My test results for this lens did not show a hard floor to the acceptable handheld-with-IS shutter speed but there is a definite diminishing rate of sharp images as the shutter speed lengthens beyond the just-reported speeds. I could achieve good 200mm results at 1/6 second but the sharpness rate was only about 10% in those attempts. Note: few awake people can remain motionless enough for a sharp photo at these shutter speeds, just in case you were thinking about that application.
This IS system makes an audible, slight-drawn-out click upon startup and again at shutdown with a faint whir heard while IS was active (in-camera audio recording will pick up these sounds). The image in the viewfinder does not jump at startup and shows very little drifting. That the scene in the viewfinder becomes motionless is highly desirable for composing an image and the camera's AF system has better precision when seeing a stabilized image. Canon contends that this is true even with a subject that is in motion and at action-stopping shutter speeds.
This IS system is tripod-sensing. IS modes I (normal) and II (panning) are provided.
As usual and perhaps more than usual with this particular lens, image stabilization greatly increases the versatility of the lens.
As mentioned, Canon has informed us that the Canon EF 70-200mm f/2.8L IS III USM Lens has the same optical design as the II. That made predicting the III's image quality easy, especially since I've used the prior version of the lens for over 8 years by this time.
When I am carrying the extra weight of an f/2.8 lens, I want that lens to deliver sharp images at f/2.8. Otherwise, what's the point? Perhaps only that an f/2.8 lens can (often) be expected to produce sharper results at f/4 compared to a similar quality f/4 max aperture lens at the same setting.
Is the Canon EF 70-200mm f/2.8L IS III USM Lens sharp? Yes, quite so. At f/2.8, this lens is very nicely sharp in the center of the frame, especially for a zoom lens, and that description works for the entire focal length range. F/2.8 center of the frame results at the ends of the focal length range are slightly less sharp than throughout the central range of focal lengths, but still quite good.
Even with an ultra-high resolution Canon EOS 5Ds R behind it, this lens shows only very slight sharpness degradation into the mid and periphery areas of the image circle at f/2.8. The 200mm corners look remarkably sharp at 200mm f/2.8.
Stop down to f/4 and sharpness improves slightly with the most noticeable differences seen at 70mm and 200mm. This lens is very impressively sharp at f/4 and razor sharp defines the entire f/5.6 experience with this lens.
In addition to our standard lab tests, I like to share some real world examples. The images below are 100% resolution crops captured in RAW format using a Canon EOS 5Ds R. The images were processed in DPP using the Standard Picture Style with sharpness set to "1". These examples are from the center of the frame.
Look carefully to identify the center of the plane of sharp focus in these images, especially in the 200mm f/2.8 where depth of field is very shallow. I wasn't completely satisfied with the 200mm f/2.8 pumpkin image, the closest-focused of the 200mm samples. The other two samples show better performance, especially the longest distance example, the tree trunk.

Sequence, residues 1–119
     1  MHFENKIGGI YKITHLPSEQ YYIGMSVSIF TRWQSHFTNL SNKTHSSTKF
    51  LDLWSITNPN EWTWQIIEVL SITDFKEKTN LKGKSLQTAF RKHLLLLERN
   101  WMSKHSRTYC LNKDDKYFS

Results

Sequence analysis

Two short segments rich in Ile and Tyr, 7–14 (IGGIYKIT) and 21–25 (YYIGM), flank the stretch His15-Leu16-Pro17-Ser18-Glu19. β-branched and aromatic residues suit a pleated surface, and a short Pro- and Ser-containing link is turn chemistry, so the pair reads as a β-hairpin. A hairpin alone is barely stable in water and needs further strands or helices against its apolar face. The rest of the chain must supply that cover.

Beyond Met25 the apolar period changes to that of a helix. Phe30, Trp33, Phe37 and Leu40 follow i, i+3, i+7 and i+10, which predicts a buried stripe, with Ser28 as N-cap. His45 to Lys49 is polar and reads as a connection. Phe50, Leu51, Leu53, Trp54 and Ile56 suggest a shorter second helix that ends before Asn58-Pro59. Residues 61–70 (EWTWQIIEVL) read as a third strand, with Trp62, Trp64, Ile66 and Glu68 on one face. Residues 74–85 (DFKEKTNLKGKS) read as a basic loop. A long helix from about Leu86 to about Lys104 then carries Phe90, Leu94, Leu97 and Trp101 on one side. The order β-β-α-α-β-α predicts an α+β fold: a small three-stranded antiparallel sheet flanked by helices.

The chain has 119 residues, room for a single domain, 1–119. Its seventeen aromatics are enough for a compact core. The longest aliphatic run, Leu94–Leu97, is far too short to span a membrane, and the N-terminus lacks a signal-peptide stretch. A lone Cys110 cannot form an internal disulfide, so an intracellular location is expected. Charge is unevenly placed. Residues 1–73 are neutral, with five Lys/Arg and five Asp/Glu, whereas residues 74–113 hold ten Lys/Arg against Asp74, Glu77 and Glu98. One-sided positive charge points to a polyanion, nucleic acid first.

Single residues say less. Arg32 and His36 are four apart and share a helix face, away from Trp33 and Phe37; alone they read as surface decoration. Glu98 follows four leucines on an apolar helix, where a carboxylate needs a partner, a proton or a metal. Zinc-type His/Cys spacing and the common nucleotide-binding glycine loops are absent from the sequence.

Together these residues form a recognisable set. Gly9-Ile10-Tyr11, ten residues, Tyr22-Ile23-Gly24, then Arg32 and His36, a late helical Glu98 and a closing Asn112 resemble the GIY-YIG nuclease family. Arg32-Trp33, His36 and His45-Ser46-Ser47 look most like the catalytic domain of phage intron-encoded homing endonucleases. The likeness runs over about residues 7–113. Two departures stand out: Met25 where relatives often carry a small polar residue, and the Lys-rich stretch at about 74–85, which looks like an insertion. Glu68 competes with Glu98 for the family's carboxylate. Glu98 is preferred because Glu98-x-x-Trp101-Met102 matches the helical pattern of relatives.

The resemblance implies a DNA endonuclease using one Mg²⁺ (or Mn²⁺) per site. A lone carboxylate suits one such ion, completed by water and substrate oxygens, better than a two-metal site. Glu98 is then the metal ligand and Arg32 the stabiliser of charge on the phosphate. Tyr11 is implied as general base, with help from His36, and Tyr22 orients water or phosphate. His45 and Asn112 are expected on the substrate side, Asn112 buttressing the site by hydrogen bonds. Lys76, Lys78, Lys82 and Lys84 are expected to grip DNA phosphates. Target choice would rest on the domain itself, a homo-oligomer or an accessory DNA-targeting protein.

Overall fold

At 70mm, there is a rearward focus shift at narrower apertures. The subject remains in sharp focus, but the foreground does not gain sharpness until about f/8. The focus shift was less noticeable at 100mm and 200mm with subject remaining nicely centered in the depth of field at 135mm.
Taking this examination to the extreme full frame corners, we find a touch of sharpness at f/2.8 with f/4 results looking very nice.
These are 100% crops from the bottom right corner of EOS 5Ds R frames with pocessing identical to the previous examples. Again, be sure to find the center of the plane of sharp focus.
Mount a full frame lens on a full frame camera and vignetting can be expected at wide apertures and we see that attribute with this lens. But, the amount of vignetting is what matters most and, in that regard, this lens shows a very low amount. At f/2.8, peripheral shading in full frame corners ranges from 1.2 stops at 70mm up to nearly 2 stops at 200mm. These numbers are quite low, but high enough to be sometimes-noticeable.
Stopping down reduces the shading and at f/4 the amount range drops to about .6 at 70mm and around 1 stop over the rest of the range with the 1-stop number often being considered the line between noticeable and un-noticeable shading. The worst-case shading amount (extreme corners) range at f/5.6 is about .4 to .7 stops deep in the corners. These are nothing-to-be-concerned-about numbers and peripheral shading is practically gone at f/8.
The effect of different colors of the spectrum being magnified differently is referred to as lateral (or transverse) CA (Chromatic Aberration). Lateral CA shows as color fringing along lines of strong contrast running tangential (meridional, right angles to radii) with the mid and especially the periphery of the image circle showing the greatest amount as this is where the greatest difference in the magnification of wavelengths exists. Zoom lenses used at their max and min focal length extents typically show the most lateral CA and that is the case with this lens.
While lateral CA is usually easily corrected with software (often in the camera) by radially shifting the colors to coincide, but it is of course better to not have it in the first place. Any color misalignment present can easily be seen in the site's image quality tool, but let's also look at a set of worst-case examples, 100% crops from the extreme top left corner of ultra-high resolution 5Ds R frames.